When Terry moved, he wanted a puppy. Instead he got an old man, a garden, and a love story that would touch generations.

I should have known, when I was eight and had triplet sisters, a crazy old neighbor in a big, spooky house, and a wild red-haired girl as a best friend, that my childhood might be less than normal.

It started with Bud, the old man next door. He introduced me to gardening, showed me how to be a gentleman, and talked about God. Then came Molly, the girl. Yes, say it with emphasis: The Girl. She brought me to life, called forth my inner hero, and occasionally crushed my soul. Nobody in the world could mess with my heart like Molly.

And family, the final prong of my adolescence. Sisters and more sisters. A birth injury that made my mother—and everyone else—keep a distance, and a whole lot of angst. They drove me to garden during most daylight hours, because dirt and plants were quiet and calm, and nothing else around me was either.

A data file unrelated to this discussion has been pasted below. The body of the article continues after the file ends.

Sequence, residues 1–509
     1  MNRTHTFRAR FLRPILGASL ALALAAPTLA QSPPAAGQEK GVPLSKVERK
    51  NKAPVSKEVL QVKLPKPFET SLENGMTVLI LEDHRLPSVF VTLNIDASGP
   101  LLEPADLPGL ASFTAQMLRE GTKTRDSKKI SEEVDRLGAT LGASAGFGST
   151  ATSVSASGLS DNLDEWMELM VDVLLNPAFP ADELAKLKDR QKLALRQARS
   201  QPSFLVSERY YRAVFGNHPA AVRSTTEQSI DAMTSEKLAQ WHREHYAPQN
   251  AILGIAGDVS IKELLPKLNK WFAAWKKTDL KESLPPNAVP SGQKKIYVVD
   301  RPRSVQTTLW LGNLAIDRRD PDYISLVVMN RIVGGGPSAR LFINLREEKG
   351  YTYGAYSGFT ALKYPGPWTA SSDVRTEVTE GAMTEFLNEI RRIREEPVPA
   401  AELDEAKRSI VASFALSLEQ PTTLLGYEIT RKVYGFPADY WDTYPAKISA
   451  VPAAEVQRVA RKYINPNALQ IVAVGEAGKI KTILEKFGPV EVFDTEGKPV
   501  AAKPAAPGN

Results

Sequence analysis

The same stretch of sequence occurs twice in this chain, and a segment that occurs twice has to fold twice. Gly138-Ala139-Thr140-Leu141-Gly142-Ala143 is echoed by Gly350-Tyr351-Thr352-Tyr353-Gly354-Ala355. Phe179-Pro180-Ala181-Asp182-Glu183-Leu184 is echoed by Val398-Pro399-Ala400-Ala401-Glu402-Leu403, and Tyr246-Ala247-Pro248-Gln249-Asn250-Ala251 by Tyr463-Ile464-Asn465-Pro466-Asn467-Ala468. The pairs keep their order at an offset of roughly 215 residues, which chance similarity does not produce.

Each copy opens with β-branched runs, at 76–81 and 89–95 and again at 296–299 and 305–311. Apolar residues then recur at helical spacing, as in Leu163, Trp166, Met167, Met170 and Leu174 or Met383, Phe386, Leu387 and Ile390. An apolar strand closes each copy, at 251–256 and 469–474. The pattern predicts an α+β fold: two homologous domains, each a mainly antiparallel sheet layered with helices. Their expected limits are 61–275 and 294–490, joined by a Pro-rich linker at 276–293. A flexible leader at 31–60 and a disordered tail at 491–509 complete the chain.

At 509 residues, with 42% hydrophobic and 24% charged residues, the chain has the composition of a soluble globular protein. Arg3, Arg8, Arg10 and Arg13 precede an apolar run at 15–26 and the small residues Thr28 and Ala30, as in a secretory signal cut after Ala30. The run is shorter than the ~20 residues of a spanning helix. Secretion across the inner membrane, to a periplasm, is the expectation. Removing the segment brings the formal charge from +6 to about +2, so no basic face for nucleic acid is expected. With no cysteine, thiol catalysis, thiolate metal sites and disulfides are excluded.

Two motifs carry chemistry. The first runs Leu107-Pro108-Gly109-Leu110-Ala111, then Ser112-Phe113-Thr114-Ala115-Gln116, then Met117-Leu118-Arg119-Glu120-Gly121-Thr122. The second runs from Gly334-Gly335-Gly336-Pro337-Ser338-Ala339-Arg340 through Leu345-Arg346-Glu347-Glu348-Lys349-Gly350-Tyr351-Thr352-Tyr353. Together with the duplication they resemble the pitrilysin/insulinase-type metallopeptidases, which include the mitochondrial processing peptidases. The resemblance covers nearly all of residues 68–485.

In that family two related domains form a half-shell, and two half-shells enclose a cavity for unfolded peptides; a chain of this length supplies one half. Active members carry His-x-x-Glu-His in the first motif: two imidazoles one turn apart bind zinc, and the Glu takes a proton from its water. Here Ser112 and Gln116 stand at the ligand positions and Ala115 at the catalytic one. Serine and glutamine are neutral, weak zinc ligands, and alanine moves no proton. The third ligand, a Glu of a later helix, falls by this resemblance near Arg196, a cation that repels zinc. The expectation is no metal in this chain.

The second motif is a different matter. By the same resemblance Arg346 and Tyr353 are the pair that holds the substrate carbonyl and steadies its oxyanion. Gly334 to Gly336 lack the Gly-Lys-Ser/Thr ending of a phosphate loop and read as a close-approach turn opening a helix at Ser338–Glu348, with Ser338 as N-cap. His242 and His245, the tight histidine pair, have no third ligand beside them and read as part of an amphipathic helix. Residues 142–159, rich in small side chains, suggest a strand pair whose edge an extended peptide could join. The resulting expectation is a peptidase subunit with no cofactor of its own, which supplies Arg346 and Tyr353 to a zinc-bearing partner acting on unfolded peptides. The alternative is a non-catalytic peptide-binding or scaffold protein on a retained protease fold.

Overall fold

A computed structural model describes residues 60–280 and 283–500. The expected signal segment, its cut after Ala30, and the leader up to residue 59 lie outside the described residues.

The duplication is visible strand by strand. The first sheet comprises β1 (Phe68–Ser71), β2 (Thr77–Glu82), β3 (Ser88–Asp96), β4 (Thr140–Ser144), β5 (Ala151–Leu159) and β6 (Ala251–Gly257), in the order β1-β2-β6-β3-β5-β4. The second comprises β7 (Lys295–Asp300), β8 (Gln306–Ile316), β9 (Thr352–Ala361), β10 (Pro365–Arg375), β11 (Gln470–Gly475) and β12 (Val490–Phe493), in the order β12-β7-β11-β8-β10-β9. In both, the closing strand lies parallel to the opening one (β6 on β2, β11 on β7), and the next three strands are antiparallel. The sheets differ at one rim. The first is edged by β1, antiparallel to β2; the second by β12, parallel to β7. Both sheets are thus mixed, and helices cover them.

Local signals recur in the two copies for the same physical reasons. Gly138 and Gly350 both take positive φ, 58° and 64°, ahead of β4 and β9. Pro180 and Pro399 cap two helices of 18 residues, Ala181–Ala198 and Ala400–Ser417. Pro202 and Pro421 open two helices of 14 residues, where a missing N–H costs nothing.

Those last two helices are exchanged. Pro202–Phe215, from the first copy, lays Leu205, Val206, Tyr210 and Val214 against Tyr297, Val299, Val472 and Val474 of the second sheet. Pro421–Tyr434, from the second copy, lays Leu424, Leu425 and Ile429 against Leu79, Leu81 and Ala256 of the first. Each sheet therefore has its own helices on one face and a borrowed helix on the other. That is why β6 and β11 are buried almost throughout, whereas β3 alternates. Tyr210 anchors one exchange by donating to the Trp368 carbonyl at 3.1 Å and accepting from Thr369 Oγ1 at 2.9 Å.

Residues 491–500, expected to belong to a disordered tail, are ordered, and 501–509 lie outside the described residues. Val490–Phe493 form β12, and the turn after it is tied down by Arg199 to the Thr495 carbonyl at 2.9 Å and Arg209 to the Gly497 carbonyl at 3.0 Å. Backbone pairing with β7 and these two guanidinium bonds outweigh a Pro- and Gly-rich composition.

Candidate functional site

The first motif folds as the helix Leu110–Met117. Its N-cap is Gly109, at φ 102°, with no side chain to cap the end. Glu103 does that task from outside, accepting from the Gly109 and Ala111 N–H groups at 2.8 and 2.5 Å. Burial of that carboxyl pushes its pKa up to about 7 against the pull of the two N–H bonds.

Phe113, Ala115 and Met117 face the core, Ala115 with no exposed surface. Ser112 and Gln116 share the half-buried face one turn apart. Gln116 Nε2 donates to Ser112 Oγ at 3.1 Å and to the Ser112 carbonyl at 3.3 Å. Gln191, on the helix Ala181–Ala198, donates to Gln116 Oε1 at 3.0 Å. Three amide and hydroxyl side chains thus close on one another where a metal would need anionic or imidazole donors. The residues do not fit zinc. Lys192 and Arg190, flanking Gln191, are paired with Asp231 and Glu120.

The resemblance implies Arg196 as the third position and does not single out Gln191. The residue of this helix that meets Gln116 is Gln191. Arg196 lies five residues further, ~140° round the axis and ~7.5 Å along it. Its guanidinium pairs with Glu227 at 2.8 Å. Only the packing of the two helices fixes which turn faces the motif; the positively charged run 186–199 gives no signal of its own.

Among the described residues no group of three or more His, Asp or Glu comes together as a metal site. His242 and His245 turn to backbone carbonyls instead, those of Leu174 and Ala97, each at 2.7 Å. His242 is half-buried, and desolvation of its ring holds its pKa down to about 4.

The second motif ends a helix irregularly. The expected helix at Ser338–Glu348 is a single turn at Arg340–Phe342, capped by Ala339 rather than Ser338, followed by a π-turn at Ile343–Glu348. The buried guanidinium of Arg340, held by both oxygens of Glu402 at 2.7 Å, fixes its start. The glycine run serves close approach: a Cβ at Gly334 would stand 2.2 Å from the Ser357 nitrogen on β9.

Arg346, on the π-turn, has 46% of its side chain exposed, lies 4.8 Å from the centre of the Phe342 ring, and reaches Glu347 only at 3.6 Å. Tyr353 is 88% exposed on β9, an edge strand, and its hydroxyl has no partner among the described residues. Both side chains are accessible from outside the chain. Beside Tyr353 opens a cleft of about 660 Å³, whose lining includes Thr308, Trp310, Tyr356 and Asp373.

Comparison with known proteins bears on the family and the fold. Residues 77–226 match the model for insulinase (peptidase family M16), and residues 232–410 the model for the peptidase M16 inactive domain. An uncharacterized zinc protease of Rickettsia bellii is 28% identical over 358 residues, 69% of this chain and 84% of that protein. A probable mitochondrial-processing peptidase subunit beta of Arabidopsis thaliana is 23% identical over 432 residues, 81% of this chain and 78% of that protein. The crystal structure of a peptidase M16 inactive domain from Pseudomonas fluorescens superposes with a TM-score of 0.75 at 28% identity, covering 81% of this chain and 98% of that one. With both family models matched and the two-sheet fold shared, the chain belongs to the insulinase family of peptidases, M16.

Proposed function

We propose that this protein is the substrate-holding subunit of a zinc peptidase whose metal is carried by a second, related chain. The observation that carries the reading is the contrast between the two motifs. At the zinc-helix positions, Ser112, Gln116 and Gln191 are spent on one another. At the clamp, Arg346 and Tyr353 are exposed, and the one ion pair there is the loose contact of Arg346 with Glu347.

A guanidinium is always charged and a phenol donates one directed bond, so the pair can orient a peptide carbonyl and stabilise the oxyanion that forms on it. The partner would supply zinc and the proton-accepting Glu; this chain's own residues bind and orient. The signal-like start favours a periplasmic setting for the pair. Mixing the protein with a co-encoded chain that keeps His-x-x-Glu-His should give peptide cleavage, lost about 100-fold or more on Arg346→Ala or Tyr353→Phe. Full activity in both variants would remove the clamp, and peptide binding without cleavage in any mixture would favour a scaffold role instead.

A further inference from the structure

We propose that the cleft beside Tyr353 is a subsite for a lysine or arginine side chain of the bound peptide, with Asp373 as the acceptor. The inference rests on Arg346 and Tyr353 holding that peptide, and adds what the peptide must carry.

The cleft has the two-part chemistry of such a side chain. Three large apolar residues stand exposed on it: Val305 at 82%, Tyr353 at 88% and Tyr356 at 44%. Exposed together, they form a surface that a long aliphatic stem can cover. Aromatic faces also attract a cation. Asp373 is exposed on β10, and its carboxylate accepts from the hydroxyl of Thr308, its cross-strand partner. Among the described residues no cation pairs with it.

Time passed. I didn’t realize I’d become the glue in my relationships, the knight to slay everyone’s dragons, and the sounding board for their problems. I only knew I was the one person they forgot to see when they went through hardships. When they went down, I dragged them back to the surface. If I went down, I figured nobody would notice.

I sure never suspected that, if I went down, I could take the whole lot of them with me.

Terry’s Garden, stories about a huge family, an enchanting garden, and a love story that touches generations. Christian coming-of-age/romance novels for teens and anyone who remembers what it’s like to take those first wobbling steps into adulthood.

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